Endogenous poisoning event I have a 40 breeder reef for a year with 2 Anthias, 1 black cap, 2 clowns, 1 yellow tang. Running wet/dry system with red sea skimmer; all health , I feed them at night the next day when I got back home, took a look at my tank and my tang was dead. So I did a water test water, everything looked all good to the graph but I took it in to the pet shop and got it tested to, it was good. I told them the story they didn't know what to say. Come home feed my fish. The next day when I came back from work 1 of my Anthias and my blackcap flipped on me to, test water to it was still good. So I did a water change feed the fish. Next day the other Anthias died, water still good. I didn't do any cleaning around the tank. 2 weeks gone by 1 of my clown couldn't swim upright just side ways and couldn't eat for so I took him out. One more thing my corals closed up for a long time before opened up again for over 2 weeks, even though their open its not the same as before, they don't expand as big as they should be. Came you give me any answers to my problem? Thank you, Souk Her >> Hmm, sounds to me like an "inside job" of poisoning by one of your livestock... Like a sea cucumber... or other organism... maybe even just a reproduction event by some microbe... that led to slow/chronic poisoning... All will probably be fine by now (the poison is probably gone), but I would do a very large (half) water change before adding any more fishes... and maybe a unit of activated carbon in a bag in your filter/flow path. Bob Fenner

Possible bad signs?? Sliding water qual. HI bob. I've got a possible problem. I noticed one of my blue damsels doing some odd behavior with the side of the tank that looked like scratching. This kind of concerned me as the last inhabitants of my tank all perished from ich. I've been watching and I notice my snowflake eel doing a LOT of twitching. (well, he shakes his head violently like he's being tickled or something). He's done a little of this ever since I've had him but its way more frequent today. I'm wondering if I should get a cleaner really quick. I had two cleaner shrimp but my porcupine puffer ate them...I tried one neon goby but he disappeared after being continuously harassed by the damsels, what else can/should I try? I do have a quarantine tank so if I had to I could put the puffer in there and let the shrimp take care of the problem in the tank....the only problem with that is the cleaner shrimp are $20 bucks a pop...that's kind of expensive for what would eventually be puffer food. But I guess that's cheaper than whole new inhabitants. I need some ideas!! Thanks >> Hmm, well, I'd be tempted to try a small group or at least two Gobiosoma gobies again... they're recognized (by other fish hosts) and survive much better than being solitary. Otherwise, there are plenty of other cleaners... Maybe a juvenile hogfish (the wrasse genus Bodianus), a small Butterflyfish (like the barbero, Johnrandallia nigrirostris), or the more hardy than Labroides, Arabian Wrasse, Labracinus... seeing as you don't have live corals... Any of these of interest? But, before committing too much time with your worry beads... do investigate your water quality... Often, the "scratching" and other odd behavior can be traced back to troubles with metabolite build up (you know, stuff like nitrates, phosphate... and so much more). Try a large water change (25% or so), some activated carbon in your filter path, and raising the temperature to 82 F. for a couple of weeks... and let's see if your fishes don't straighten up. Bob Fenner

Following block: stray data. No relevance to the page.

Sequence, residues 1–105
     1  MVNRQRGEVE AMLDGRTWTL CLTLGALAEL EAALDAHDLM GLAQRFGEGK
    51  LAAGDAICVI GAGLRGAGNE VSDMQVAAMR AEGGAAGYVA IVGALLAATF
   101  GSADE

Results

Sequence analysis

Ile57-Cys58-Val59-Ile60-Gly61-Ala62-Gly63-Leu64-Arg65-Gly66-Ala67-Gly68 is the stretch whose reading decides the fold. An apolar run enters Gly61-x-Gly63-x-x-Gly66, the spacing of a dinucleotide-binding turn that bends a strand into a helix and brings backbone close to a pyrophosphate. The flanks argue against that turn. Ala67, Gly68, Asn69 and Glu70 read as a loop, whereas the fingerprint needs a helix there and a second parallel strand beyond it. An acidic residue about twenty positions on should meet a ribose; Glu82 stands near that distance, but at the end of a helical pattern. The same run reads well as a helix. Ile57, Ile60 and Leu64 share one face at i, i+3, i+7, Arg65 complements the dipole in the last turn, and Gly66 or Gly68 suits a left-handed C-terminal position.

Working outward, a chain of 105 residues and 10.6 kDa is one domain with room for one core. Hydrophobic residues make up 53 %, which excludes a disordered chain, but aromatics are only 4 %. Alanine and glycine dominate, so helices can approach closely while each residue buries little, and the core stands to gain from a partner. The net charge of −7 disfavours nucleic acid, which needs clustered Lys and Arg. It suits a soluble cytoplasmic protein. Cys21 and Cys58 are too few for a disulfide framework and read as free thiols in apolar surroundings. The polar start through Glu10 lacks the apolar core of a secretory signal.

Having more problems then I can figure out... too much life, too little water, oxygen... Hi, I have a 37 gallon salt tank, and I have more problems then I can deal with. I am using an Eclipse 3 as well as a UGF with two powerheads. I have about 11 pounds of Fiji live rock, and I do a five gallon change out every week. Here is the problem: with the exception of a yellow tang, a small snowflake eel, and a crab, every fish that goes in there dies. I have spent close to 500 on fish, everything from triggers and lion fish to boxfish and groupers, and they have all died. Can you think of anything that would cause this sort of problem? Also, as of late the Tang has lost and regrown fins, and now one of his eyes is covered in some sort of crap that is making it bulge.  I wonder if it is the live rock or the Eclipse, or a combination of both. On my last aquarium I had a Fluval and no live rock, and everything worked like gang-busters. No dead fish, nothing. Not even during the cycle. Do you think that the use of a bigger powerhead running the water from the UGF into a UV sterilizer would do the trick here? Ian >> From your list of what lives and what you've lost I can almost assure you of the root cause... and of a/the best route to solve the problem... You have suffered from a lack of gas exchange... not just gaseous solubility of oxygen... but a whole array of conversion and diffusion problems... inherent in your set-up (as you seem to imply... in comparison with your previous set-up). The life in/on your live rock, that becomes situated within the area of your substrate, and the "macro" life (tang, etc.) all are "breathing"... but there's not enough mechanical aeration and extraction of microbes, bio-important-molecules to support more large "gas users"... They've been dying from the ill-effects of poor gaseous exchange and metabolite build-up/concentration. Cutting to the chase, what I would do to solve all this in one piece of gear is to install a protein skimmer (tricky, but it can be done with Eclipse's) over the back... or better into a sump... A UV would help, but would not solve the problem... Bob Fenner I HAVE A 150 GAL. TANK WITH LIVE ROCKS AND ALL OF MY FISH HAVE CLOUDY EYES  WHAT CAN I USE TO CARE FOR THIS? >> Cloudy eyes are indicative of poor water quality... almost never directly from an infectious or parasitic agent in different types of fishes in the same set-up... Find out what the real cause is... what types of fishes? When did this start? What is the pH of your water? What sort of filtration do you employ? How long has the tank been up? Do you measure any aspect of nutrient cycling? Metabolite build up? If you know naught what otherwise to do... make a massive water change (50% plus) to lessen whatever the root cause(s) of the problem. Please do get back to me with more information. Bob Fenner